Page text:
Everybody’s talkin’

Someday, by God, I want to throw a wedding for that kid.”

“You can either be on the right side of history or the wrong side of history. Your choice. But if you’re on the wrong side, be ready to look like an asshole to your grandchildren, no matter how many savings bonds you give them.”

They pitched a fit and wouldn’t leave until something happened.”

(That’s biblical.)

“That is not legal argument or empirical evidence. It is the death rattle of a movement that has no legal argument or empirical evidence.”

“Son, this is a real question, not like them others. How is it possible for a man to go to church for 50 or even 60 years, and it not make a lick of difference in him? Sit there, year after year – in Sunday school and preachin’, readin’ the Bible, listenin’ to sermons and prayin’ prayers – sit there all that time, all them long years, and be just as mean, as mean as a snake, as the day he started goin’?”

In hell, everyone gets a sweater vest.”

“First of all, talking with my mom about mule sex is a little weird, but that didn’t catch me off guard as much as her ruminations about the soundness of a GOP candidate’s positions on sexuality.”

“Yes, I can understand how one might think that being stopped for directions under a street lamp on the corner of an iconic city isn’t a very big deal, but I think it’s pretty much the coolest thing ever.”

“The care of the public must oversway all private respects, by which, not only conscience, but mere civil policy, doth bind us. For it is a true rule that particular estates cannot subsist in the ruin of the public. … We must not look only on our own things, but also on the things of our brethren.”

“The danger with pretending to be persecuted, misunderstood and all alone is that you might wake up and find that it is true.”

Given the history of forced sterilization in Virginia, you’d think they’d be more sensitive on this issue. This is the state where Buck v Bell brought the issue of forced medical procedures to light.”

The class that they call ‘job creators’ used to have another name. Lords.

The trees are the right height.”

- – - – - – - – - – - -

Let me try to defend Mitt Romney for that one. “I love the state,” Romney said of Michigan, his boyhood home. “It seems right here. Trees are the right height.” He went on and on, unfortunately, babbling about lakes in “the parts of Michigan” and, yes, sounding eerily like Steve Carell in Anchorman when he said “I love cars.”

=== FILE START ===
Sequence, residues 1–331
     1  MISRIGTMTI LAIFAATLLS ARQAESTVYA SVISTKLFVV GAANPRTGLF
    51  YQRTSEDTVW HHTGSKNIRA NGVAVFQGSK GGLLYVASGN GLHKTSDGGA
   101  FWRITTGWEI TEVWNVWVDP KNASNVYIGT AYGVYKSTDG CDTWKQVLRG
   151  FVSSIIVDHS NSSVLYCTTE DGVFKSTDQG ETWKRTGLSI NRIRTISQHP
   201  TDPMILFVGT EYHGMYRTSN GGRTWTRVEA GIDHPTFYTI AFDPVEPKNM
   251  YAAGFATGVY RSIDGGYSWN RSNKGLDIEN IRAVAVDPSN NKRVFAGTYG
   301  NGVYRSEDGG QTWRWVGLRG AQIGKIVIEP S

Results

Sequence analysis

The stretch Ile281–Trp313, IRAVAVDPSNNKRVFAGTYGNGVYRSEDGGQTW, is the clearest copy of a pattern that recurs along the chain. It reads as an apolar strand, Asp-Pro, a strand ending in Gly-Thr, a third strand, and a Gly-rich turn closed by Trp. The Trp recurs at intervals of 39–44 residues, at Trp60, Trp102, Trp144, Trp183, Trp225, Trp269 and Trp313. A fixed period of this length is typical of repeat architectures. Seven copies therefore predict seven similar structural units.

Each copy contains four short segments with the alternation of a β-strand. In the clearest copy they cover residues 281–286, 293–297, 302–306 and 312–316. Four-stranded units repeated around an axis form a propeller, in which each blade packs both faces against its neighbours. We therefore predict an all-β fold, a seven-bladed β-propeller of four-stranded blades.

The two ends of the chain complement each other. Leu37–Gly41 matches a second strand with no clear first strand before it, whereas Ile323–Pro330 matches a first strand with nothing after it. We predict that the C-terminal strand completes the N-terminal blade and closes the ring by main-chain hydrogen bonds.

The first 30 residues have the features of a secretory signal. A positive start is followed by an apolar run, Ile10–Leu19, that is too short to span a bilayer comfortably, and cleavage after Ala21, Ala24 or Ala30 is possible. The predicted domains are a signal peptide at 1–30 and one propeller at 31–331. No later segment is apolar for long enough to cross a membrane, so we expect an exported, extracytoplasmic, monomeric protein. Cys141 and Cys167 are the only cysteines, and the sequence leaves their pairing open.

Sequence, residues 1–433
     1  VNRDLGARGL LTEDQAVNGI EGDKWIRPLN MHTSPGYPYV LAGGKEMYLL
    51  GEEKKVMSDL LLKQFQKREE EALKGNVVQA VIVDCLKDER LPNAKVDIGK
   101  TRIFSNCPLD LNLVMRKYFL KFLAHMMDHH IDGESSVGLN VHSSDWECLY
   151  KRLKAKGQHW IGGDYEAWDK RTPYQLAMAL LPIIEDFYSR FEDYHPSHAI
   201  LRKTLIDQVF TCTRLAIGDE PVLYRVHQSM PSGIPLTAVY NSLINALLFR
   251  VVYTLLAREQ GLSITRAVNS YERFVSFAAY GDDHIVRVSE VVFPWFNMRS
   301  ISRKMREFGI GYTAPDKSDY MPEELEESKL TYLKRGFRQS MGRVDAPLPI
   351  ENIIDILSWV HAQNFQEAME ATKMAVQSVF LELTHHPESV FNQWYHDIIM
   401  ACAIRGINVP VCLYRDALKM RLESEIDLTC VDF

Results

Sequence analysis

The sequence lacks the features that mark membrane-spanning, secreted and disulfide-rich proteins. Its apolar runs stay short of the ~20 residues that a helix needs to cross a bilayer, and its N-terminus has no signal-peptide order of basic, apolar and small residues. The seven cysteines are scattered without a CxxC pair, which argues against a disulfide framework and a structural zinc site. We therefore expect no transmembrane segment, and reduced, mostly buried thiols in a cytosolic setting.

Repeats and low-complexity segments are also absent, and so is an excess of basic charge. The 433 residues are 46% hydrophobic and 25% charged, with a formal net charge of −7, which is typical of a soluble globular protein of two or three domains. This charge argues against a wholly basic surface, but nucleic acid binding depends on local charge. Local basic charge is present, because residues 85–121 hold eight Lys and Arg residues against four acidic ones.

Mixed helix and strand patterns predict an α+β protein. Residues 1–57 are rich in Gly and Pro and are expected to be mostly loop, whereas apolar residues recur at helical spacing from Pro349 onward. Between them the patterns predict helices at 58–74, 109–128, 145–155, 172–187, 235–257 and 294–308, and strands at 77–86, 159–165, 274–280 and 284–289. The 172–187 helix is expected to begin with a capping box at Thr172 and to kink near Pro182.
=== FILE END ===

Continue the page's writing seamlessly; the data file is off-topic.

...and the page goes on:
But that bit about the trees was almost poetry. Keep it in the context of the previous sentence: “It seems right here.” This is the fuzzy territory of memory and place and home that can be so hard to articulate. When you say a place feels like home, what do you mean? You mean a whole host of things, some of which you’ll never find words to express. “The trees are the right height,” is a decent attempt.

I think it was Larry Kramer who, on moving back to New York, said he didn’t like the West Coast because “the ocean was on the wrong side.” I know what he meant, and my guess is it’s the sort of thing Romney meant too.

  • FangsFirst

    I don’t hear a word they’re sayin’
    Only the echoes of my mind…

    Guess it’s a day for me to prove I am indeed a part of the everybody that loves Harry. I’m down with a day for Nilsson.
    (sidenote: did not write the song, I know! But it’s Harry Nilsson!)

    (EDIT: oh right, there’s other content here. I’ll read that now…)

  • Twig

    Mitt Romney loves lamp.

  • Twig

    I mean, it’s not that I don’t get what Romney’s going for but – they need jobs, Mitt.  The beautiful state you love so much?  Really needs some jobs.  Which they’ve needed for a while now, even before a lot of the rest of the country went under.  Noticing how beautiful it is – yeah, it does have its moments.

    JOBS.  Mitt.  Tell me how.  Then we’ll chat about the lakes.

  • Guest

    I know what he means about the tress. I miss it too.

  • http://www.facebook.com/people/Jess-Goodwin/28602067 Jess Goodwin

    From another account of that “Anglican Mainstream” conference:

    “Half way through Chris Sugden mounted the stage to warn about ‘journalists in our midst!’ The way he spat out ‘journalists’ implied he thought they were even more sub-human than homosexuals!”

    Watch out! The journalists are coming!

  • FangsFirst

    And I thought of “the trees are the right height” as Fred did–or perhaps just a stumbling cover for, “Er, what do I say next? I’m not sure…” that isn’t all that bad as a next thought.

  • http://www.metagalacticllamas.com/ Triplanetary

    Yeah, there’s a lot of actual stupidity coming out of Romney’s mouth
    that we should be focusing on, stupidity that directly impacts people’s
    lives. And fwiw, I agree – “The trees are the right height” seems like a reasonable expression of one’s yearning for the heimlich*.